Analysts believe that the U.S. science, technology, engineering, and mathematics (STEM) workforce suffers from a lack of well-trained and diverse professionals. While recent research and reforms have aimed to improve college graduation rates as students move through STEM programs into careers, little work has investigated the STEM career pathways of undergraduate student military service members/veterans, a group of talented students poised to expand and diversify the workforce through advanced technical, collaborative, and leadership skills and diverse experiences. Despite their potential, however, student military service members and veterans face a number of social, financial, and health-related obstacles in college that educators and scholars still struggle to understand.
With these issues in mind, the Veteran Education to Workforce Affinity and Success Study (VETWAYS) explores the connections between student military service member and veteran experiences in undergraduate education and these students’ “social support networks,” or relationships that provide help, advice, camaraderie, or guidance.
Specifically, using surveys and interviews of students and the educators who work with them across five Wisconsin universities, we seek to advance knowledge about the social networks of student military service members and veterans and how these networks connect with persistence along STEM academic and workforce pathways. Results will allow us to better understand social factors that help undergraduate military service members and veterans persist in college as well as how administrators, educators, and their higher educational institutions might better support these students on their STEM career pathways.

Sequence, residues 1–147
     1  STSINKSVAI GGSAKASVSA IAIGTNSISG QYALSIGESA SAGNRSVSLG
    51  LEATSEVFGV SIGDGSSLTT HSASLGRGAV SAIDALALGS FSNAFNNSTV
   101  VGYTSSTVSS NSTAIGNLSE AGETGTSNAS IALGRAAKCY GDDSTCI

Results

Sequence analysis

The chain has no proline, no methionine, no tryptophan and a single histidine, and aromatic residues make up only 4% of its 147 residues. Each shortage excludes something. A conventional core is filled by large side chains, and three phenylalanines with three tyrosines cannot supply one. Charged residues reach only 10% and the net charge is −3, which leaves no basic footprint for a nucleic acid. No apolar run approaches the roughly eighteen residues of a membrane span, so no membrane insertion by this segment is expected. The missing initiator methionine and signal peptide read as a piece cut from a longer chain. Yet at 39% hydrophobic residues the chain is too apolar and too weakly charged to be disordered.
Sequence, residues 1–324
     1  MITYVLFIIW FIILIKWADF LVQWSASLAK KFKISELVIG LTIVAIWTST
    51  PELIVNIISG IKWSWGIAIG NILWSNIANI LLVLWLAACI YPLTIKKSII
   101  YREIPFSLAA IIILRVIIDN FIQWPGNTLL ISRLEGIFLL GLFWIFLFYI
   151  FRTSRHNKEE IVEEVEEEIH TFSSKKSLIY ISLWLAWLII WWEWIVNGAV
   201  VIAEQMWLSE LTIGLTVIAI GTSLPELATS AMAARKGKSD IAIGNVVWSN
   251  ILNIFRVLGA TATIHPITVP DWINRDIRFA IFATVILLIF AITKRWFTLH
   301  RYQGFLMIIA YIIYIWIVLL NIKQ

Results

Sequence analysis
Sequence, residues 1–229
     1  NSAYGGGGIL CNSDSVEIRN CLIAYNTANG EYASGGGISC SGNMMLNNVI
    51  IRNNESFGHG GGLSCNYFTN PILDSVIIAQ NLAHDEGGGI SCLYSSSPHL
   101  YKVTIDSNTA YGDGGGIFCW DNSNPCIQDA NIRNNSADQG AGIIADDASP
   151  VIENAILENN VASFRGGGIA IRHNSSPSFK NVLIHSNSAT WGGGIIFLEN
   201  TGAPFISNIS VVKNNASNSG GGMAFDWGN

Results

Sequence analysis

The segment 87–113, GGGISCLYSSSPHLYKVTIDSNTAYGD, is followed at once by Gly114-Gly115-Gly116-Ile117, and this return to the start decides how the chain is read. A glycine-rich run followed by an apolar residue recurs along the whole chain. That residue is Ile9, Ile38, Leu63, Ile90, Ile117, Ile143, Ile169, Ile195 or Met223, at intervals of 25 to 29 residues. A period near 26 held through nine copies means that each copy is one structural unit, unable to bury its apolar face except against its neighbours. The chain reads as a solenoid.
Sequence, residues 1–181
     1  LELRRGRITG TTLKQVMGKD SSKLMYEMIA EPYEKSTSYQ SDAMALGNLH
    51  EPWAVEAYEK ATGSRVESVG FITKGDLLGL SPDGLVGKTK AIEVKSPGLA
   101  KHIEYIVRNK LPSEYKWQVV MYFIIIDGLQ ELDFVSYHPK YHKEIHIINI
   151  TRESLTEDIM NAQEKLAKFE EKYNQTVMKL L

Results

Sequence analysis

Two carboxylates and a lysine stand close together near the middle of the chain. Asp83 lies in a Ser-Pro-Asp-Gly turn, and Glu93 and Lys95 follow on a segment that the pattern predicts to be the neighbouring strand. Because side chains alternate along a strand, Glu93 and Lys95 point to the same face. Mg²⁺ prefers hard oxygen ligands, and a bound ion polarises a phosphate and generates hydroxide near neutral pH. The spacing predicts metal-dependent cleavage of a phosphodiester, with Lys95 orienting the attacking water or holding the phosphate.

This research is supported by the National Science Foundation’s EHR Core Research (ECR) program, which emphasizes fundamental STEM education research that generates foundational knowledge in the field in critical areas that are essential, broad and enduring. The program supports the accumulation of robust evidence to inform efforts to understand, build theory to explain, and suggest interventions and innovations to address persistent challenges in STEM interest, education, learning and participation.